SHIPPING has often been described as an industry that operates “on the frontier”, which could be taken to mean there are always many hostile tribes out there, which bear it no goodwill.
Anticipating where the trouble will flare up next may be thought of as an essential skill in the experienced frontiersman, who, in the best Westerns, was always alert to smoke signals or other signs of danger.
For the professional master, exposure to criminal or civil sanctions has always been the downside of the job, inextricably part of the responsibilities that come with the ship they command.
But in recent years, this risk has been greatly increased along with port state control, which for better or worse, has enabled anyone with a bit of authority to march on board a ship and throw a lot of weight around. Time in port, once a place to perhaps relax a little after a stormy sea passage, is often a place of tension and one of perpetual inspection.
It is also threatening to become a whole lot worse, with coastal states, international regulations and local bylaws, all combining to make the air cleaner and the sea free from harmful alien species which might be transported around in ballast water. The charges for which a master may end up in court are multiplying fast.
There are plenty of smoke signals to be seen.
This month the master of P&O cruiseship Azura will find out whether charges he faced at the Criminal Court of Marseilles for burning non-compliant fuel will stand.
In theory, he and the company face heavy financial penalties with up to a year’s custody for the master, after it was discovered that a local sulphur limit of 1.5% was breached, the ship having bunkered in Spain with 1.68% sulphur fuel. It is regarded as something of a “test case”, but any criminal record for any shipmaster is a very heavy penalty, that is magnified hugely by the demands of his profession to travel unhindered.
There is already a growing number of cases of ships that have been detained, after contraventions of emission regulations have been discovered. Even more sinister, there have been warnings that bogus “environmental inspectors” have been plying their trade on certain Black Sea waterfronts, looking to make some easy money.
Anyone with a little common sense may wonder why it is the master of a ship, who probably has limited exposure to the contents of the bunker tanks, or indeed the operation of the ballast management systems, who would be the person dragged into court concerning any alleged infraction. Nothing new about this, of course.
Think back to those infamous “Perben” court cases in France, where masters found themselves fined and given criminal records, after an overflying aircraft had photographed a ship that appeared suspiciously near what may have been an oil slick on the sea. No other corroboration was needed.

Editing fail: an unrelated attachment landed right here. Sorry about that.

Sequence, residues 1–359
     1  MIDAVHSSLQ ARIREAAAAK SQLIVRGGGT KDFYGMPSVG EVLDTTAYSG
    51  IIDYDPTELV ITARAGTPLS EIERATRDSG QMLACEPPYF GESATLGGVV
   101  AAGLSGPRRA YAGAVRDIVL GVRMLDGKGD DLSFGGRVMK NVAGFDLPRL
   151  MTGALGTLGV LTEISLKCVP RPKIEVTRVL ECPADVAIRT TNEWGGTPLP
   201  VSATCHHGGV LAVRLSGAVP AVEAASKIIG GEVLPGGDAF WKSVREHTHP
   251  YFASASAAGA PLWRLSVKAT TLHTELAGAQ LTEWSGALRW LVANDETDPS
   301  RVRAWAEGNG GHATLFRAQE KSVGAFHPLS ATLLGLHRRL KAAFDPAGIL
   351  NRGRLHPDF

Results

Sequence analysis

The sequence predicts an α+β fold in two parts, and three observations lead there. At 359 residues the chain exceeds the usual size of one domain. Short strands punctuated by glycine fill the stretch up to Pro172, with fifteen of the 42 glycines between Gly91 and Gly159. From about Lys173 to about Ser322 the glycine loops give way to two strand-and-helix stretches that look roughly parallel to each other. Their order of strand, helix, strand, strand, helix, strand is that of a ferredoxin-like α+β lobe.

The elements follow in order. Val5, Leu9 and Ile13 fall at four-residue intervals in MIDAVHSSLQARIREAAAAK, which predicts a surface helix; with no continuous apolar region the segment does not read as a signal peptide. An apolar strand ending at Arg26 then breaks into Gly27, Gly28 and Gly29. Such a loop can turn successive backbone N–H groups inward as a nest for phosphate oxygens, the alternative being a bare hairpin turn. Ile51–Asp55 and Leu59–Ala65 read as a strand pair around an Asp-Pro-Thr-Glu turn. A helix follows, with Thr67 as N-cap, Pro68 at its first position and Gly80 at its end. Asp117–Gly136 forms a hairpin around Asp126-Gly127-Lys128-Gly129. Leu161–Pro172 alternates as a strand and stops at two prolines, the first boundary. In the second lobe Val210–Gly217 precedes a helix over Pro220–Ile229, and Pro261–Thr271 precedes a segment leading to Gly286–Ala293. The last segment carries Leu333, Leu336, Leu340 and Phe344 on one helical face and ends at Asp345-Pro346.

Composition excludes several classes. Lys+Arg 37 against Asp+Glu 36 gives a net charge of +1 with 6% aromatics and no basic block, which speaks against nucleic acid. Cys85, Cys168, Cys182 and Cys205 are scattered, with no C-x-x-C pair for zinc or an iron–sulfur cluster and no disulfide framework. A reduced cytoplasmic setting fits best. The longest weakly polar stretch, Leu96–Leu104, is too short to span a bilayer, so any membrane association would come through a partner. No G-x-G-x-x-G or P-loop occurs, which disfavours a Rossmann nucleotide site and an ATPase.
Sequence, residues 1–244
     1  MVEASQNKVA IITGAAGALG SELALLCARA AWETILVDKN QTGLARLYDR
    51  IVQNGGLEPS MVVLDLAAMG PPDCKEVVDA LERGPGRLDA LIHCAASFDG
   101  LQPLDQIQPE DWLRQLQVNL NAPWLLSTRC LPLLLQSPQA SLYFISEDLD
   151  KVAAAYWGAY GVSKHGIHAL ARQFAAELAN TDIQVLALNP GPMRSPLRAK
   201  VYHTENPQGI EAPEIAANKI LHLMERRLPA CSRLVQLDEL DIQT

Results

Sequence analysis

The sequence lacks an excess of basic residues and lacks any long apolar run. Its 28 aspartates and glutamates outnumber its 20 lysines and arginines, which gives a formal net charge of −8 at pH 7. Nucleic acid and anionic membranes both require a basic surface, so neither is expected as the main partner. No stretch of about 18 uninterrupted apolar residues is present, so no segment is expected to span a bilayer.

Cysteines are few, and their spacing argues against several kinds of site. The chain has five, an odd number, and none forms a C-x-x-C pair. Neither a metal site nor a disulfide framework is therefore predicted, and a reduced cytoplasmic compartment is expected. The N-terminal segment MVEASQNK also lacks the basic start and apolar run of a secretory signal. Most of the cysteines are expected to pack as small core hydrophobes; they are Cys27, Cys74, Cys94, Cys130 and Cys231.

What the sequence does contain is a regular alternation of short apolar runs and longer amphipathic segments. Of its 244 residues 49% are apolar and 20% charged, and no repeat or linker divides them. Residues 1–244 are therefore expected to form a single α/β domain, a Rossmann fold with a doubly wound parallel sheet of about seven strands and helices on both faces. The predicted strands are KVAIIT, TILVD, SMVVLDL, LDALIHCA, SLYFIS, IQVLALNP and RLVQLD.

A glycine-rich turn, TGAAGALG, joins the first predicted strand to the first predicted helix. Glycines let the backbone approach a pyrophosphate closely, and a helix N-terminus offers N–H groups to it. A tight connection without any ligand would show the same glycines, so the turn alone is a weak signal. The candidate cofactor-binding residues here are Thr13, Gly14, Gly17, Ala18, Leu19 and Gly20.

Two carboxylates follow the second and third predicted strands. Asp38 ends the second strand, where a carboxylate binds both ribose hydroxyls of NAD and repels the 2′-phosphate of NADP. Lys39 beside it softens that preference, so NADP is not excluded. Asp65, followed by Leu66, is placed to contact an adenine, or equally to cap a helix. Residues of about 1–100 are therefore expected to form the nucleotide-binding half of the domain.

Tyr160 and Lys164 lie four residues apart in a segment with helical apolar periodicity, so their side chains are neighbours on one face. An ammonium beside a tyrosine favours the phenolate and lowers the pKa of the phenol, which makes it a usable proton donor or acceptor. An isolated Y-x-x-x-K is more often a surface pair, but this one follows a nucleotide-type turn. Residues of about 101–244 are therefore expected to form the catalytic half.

A very experienced retired master of my acquaintance tells of a nasty time he experienced in a Spanish port after his second engineer, who did not speak English very well, made an innocent mistake with the oil record book and suggested in error that sludge had been discharged overside. Only the helpful intervention of a classification society surveyor saved the master from a court appearance.
But all around the world, the authorities are anticipating the 2020 sulphur cap and sharpening their investigative powers. And it is shipmasters who stand to be out there, “on the frontier”, when these new powers are exercised.
They hope that justice and fairness may be watchwords in this new environmental regime, but one does not imagine they are counting on this. In too many parts of the world, it will be regarded by corrupt authorities as just another opportunity to make some money.
But even in places where normally the authorities will be scrupulous regarding their regulatory powers, there are unanswered questions.
There is a presumption of tremendous precision about the performance of environmental equipment, along with a largely misplaced belief that the blended fuels that are taken on board are formulated to the standards that it says on the tin.
Scarcely a week elapses without some P&I club warning about horrible things somebody has managed to tip into a tank of ship’s fuel, whether it is cutter stock, shale, or just the odd tonne or two of chemicals they wanted to get rid of.
The clubs are chiefly warning about the harm it can do to the ship, or the machinery, but is this the sort of behaviour that provides the master with confidence that the sample taken by the inspector will come back from the laboratory smelling of roses and fulfilling all the environmental criteria?
It has occurred to me from time to time that some friendly agency ought to be providing masters with some sort of global analysis of prosecution risk.
Smoke signals for the 21st century, they could be much like the old Admiralty Sailing Directions also known as Pilots, which would warn mariners of poor holding ground, or other local navigational hazards. It might grade the country for its corruption — an index may be a useful indicator — or the propensity of its courts to deal with visiting masters in an unjust manner. A colour code would provide ease of use.
The problem, in these politically correct days, is that nobody would be sufficiently brave to publish such advice. Maybe a seafarer union would take it on board.
“Sailor, beware of the Bight of Benin…” began an old sailing ship shanty, which nobody would dare to recite these days.